Radishes, in particular, must be harvested fast in the summer months so he will plant small amounts of radishes at tighter intervals, where in early spring it is the opposite (planting large amounts at wider intervals).

Succession Planting For Greens

Greens like arugula, lettuce, mustard, and spinach can be cut multiple times as the same plant regenerates repeatedly two weeks or less after the first harvest of leaves.

This regeneration can greatly boost your yields because if you plant every week consistently you will have new greens becoming available at the same time as the second and third cuts from previous plantings.

This is a difficult process to figure out and can take a few seasons but once you understand it, you can use it to your advantage.

Let’s again use Curtis Stone’s succession planting strategy as an example using arugula.

When he plants one bed of arugula per week, it will yield 10 pounds.

If he plants May 4 and each week after, his first harvest will be May 28 for ten pounds, his next weeks’ harvest will be June 4 from a May 11 planting.

His third harvest in the sequence is June 11. This is the first cut from the May 18 planting as well as the second cut from the May 4 planting. This week he is harvesting 20 pounds because he’s cutting from two plantings.

This is how succession planting will start to overlap with previous plantings. 

The first succession occurs on June 11, where the first cut from May 18 and the second cut from May 4 overlap.

The second succession is on June 18.

Now on June 25, he reached a point where there are three crop successions being harvested at once, which would be 30 pounds of arugula.

This is the critical point where your production from these crops will be at its peak. From this point on you will be cropping from three plantings at once.

I have attempted to illustrate Curtis’s arugula succession plan to help clarify his strategy.

arugula succession plan

Bottom Line

As you can see, there are a lot of factors that need to be taken into account for successful succession planting.

It’s going to take time, a lot of trial and error, and record-keeping to develop a succession plan that is right for your farm and climate considerations.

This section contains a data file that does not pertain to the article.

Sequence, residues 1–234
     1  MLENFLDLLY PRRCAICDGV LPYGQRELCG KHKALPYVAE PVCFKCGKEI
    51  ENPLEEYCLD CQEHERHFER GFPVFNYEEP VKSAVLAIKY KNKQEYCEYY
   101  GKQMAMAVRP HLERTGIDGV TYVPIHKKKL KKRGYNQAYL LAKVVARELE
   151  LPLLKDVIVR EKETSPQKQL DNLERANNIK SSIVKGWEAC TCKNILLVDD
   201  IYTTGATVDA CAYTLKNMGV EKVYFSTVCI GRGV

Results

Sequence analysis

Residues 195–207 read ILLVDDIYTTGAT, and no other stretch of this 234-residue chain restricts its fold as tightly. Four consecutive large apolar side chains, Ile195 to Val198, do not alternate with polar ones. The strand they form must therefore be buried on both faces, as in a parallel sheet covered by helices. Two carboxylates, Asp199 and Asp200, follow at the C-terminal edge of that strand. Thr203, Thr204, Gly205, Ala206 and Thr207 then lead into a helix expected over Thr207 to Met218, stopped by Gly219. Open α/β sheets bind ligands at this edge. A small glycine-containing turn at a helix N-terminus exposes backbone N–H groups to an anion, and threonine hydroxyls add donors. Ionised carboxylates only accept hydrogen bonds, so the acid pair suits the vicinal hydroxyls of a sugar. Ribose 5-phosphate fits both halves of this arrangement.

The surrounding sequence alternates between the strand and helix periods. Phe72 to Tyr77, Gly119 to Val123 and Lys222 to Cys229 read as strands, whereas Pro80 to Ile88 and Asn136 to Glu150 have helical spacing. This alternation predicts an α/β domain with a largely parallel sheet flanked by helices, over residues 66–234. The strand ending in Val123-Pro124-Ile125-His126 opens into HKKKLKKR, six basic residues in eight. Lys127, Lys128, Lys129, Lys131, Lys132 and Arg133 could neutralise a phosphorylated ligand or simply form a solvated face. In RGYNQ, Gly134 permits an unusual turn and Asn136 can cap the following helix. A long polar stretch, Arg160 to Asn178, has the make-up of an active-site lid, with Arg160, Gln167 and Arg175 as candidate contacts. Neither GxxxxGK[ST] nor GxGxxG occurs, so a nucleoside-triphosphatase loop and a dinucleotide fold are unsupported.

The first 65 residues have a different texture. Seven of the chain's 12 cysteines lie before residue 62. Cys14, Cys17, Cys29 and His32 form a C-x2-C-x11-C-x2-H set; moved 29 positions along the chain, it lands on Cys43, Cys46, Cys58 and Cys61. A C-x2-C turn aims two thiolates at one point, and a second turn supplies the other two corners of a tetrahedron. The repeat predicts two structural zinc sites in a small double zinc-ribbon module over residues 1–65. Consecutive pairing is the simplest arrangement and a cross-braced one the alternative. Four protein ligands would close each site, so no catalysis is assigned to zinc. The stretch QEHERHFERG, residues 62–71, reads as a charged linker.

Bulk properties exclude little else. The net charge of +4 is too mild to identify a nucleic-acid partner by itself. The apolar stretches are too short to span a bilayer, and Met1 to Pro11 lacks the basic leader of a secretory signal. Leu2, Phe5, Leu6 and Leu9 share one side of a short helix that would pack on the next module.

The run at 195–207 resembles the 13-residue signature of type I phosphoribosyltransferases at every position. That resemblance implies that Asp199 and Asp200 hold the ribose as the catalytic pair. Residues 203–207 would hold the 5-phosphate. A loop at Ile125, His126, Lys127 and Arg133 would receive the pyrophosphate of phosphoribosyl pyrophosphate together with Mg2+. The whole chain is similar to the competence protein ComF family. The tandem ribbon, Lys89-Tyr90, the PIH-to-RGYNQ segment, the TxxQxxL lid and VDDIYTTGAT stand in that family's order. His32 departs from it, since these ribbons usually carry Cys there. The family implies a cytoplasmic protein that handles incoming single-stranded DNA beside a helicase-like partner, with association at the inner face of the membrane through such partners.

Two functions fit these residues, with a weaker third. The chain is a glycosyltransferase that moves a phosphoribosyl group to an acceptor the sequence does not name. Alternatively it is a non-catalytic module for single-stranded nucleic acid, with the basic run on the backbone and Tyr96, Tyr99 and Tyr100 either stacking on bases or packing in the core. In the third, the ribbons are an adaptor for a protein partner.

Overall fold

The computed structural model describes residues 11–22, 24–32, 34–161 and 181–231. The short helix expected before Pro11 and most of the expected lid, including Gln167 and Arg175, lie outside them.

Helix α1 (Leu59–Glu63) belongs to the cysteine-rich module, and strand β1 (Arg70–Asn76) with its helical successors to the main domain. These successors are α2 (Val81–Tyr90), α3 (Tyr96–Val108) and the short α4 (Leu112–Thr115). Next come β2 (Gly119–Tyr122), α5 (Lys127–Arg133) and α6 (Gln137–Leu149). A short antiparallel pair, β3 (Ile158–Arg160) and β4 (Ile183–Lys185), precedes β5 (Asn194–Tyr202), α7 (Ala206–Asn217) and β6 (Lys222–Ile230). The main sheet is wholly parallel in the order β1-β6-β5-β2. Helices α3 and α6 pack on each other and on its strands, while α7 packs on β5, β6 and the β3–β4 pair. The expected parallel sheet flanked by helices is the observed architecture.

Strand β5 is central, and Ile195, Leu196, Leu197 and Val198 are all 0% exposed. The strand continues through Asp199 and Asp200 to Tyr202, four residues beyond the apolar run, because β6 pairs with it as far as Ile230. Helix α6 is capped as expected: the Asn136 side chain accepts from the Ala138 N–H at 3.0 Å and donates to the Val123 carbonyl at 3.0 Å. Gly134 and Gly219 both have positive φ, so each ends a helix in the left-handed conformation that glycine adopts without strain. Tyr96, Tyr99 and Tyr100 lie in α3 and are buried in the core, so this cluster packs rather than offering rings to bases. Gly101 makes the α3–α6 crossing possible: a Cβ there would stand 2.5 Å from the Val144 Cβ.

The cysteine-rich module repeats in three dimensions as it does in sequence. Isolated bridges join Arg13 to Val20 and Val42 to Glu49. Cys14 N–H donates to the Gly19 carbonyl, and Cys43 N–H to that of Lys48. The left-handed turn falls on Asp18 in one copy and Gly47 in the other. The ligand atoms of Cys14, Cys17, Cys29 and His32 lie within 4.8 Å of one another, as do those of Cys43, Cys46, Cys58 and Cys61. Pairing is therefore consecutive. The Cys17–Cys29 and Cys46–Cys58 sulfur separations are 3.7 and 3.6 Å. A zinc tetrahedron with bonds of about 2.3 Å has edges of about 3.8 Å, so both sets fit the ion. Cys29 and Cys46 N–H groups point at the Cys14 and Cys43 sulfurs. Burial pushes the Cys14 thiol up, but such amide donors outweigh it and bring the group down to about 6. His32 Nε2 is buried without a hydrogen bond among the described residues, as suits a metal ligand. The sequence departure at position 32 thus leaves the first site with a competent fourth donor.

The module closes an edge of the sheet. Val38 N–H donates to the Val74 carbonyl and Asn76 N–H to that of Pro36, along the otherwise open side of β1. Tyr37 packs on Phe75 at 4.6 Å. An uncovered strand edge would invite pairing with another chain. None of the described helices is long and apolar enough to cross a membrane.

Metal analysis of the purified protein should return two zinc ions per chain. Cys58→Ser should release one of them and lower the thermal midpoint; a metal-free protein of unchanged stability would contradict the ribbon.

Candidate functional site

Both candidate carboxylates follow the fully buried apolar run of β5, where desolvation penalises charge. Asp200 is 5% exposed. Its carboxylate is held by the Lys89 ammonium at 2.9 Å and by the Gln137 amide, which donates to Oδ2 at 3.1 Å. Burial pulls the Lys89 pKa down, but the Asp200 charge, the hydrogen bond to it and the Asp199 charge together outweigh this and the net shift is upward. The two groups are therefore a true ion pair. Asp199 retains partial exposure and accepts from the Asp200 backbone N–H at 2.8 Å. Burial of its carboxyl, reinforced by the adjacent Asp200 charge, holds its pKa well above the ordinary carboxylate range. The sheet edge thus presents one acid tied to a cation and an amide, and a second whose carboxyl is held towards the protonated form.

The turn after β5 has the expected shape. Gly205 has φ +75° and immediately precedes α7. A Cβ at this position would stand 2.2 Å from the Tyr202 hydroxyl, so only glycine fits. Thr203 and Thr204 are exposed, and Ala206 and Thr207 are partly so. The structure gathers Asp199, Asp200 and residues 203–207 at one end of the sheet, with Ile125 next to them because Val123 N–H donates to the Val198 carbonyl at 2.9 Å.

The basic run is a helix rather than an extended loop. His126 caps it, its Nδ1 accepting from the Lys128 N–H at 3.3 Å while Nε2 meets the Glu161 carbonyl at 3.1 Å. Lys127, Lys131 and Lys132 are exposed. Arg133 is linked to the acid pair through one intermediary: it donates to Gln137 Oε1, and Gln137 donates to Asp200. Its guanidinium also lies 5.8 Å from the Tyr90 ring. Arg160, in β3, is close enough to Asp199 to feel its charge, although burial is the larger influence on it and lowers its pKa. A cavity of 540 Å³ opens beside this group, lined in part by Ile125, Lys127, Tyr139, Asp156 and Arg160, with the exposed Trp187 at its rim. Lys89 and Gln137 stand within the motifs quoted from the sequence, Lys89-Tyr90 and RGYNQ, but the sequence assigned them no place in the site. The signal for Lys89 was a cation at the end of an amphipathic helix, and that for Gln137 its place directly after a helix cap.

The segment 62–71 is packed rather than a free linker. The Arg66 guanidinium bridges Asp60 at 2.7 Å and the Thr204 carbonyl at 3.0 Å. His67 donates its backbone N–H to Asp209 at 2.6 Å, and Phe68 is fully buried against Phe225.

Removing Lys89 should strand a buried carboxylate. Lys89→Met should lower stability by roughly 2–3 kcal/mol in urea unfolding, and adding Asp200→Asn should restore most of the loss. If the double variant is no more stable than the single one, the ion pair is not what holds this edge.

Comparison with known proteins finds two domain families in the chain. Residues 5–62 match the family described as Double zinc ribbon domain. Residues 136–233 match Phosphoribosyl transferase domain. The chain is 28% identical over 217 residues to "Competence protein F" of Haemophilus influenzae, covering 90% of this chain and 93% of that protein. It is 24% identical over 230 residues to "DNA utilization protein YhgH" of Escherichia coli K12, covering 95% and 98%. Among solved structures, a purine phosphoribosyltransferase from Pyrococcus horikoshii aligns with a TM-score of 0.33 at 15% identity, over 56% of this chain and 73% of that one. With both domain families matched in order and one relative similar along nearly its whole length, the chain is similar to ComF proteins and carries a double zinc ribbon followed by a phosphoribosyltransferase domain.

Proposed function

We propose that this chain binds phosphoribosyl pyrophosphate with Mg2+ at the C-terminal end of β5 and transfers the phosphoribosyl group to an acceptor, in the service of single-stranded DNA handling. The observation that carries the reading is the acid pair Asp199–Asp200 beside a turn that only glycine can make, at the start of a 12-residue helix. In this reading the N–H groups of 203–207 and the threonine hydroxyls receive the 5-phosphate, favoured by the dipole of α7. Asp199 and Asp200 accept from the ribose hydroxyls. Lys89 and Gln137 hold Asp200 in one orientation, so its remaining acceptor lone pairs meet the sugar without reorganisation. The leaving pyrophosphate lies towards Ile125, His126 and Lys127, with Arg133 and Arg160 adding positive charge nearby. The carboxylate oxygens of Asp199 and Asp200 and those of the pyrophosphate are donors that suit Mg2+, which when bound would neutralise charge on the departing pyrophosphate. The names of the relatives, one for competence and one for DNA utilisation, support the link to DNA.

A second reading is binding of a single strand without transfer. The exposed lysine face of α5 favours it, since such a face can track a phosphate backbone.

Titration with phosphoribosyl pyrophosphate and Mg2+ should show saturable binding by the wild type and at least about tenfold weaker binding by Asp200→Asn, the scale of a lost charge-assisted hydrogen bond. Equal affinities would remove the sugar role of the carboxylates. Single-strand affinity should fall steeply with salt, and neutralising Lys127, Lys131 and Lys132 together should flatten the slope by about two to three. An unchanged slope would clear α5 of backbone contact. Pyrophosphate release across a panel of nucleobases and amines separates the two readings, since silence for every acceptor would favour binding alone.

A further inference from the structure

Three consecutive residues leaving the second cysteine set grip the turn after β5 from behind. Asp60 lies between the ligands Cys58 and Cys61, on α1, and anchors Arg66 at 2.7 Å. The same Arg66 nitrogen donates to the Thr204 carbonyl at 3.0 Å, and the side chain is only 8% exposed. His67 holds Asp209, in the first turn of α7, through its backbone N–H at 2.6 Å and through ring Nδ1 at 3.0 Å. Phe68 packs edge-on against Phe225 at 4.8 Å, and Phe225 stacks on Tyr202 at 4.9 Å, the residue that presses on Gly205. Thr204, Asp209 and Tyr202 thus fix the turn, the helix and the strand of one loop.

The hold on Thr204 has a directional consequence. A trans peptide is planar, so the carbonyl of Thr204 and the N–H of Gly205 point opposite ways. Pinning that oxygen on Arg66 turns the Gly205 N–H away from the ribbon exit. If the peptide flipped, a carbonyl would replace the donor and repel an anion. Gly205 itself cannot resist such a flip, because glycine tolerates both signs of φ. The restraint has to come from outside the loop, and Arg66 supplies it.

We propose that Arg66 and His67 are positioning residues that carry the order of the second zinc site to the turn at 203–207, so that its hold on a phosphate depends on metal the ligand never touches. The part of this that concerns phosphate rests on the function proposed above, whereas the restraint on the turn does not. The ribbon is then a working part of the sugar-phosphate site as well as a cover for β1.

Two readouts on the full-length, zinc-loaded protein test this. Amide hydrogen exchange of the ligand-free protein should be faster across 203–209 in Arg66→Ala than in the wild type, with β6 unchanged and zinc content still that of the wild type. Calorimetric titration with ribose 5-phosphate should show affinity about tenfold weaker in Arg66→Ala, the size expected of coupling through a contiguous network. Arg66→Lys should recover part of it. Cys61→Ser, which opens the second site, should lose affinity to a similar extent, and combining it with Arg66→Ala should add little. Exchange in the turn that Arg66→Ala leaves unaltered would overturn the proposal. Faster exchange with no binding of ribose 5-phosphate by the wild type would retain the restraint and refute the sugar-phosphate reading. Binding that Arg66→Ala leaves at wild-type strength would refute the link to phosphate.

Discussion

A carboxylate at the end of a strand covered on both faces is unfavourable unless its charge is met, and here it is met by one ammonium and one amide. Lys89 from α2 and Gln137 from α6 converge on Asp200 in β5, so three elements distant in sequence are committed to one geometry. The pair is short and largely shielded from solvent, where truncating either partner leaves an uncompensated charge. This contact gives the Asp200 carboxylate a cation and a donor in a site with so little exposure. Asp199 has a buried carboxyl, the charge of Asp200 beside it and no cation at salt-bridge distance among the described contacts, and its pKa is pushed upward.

However, despite all the best planning, the climate is never consistent. Unusual extremes of heat and cold can make planning difficult.

One way to offset unpredictable weather, as Eliot Coleman recommends, is to grow more than one variety of crop.

The varieties should be chosen for their slightly different performance under similar growing conditions. This will help ensure a more dependable harvest.

I’d be lying if I said I wasn’t a little intimidated by succession planting. I know it is necessary to do for successful market farming, there is just a lot of factors that affect how crops grow.

It is truly a trial and error game, so our first year is going to be the guinea pig year, so to speak. Our goal is to do our best knowing that we are probably going to make mistakes. That’s OK.

We will learn from our missteps and do better with our succession planting the next year.

As long as we continue to learn better methods that work for us, we will eventually develop a solid succession plan for our crops.

You can bet that we will be documenting the heck out of this process and will keep you informed as to what is or is not working for us, so stay tuned!

What is your experience with succession planting? Let us know in the comments below.

Stay Local,

Kathy & Jon

your friendly neighbourhood growers


Submit a Comment

Your email address will not be published. Required fields are marked *

Join Our Community!

Subscribe to our mailing list to receive the latest news and updates happening around our farm. For all the locals, you will be the first to know what veggies we will be offering each week and which markets we will be at.

You have successfully joined!

Pin It on Pinterest

Share This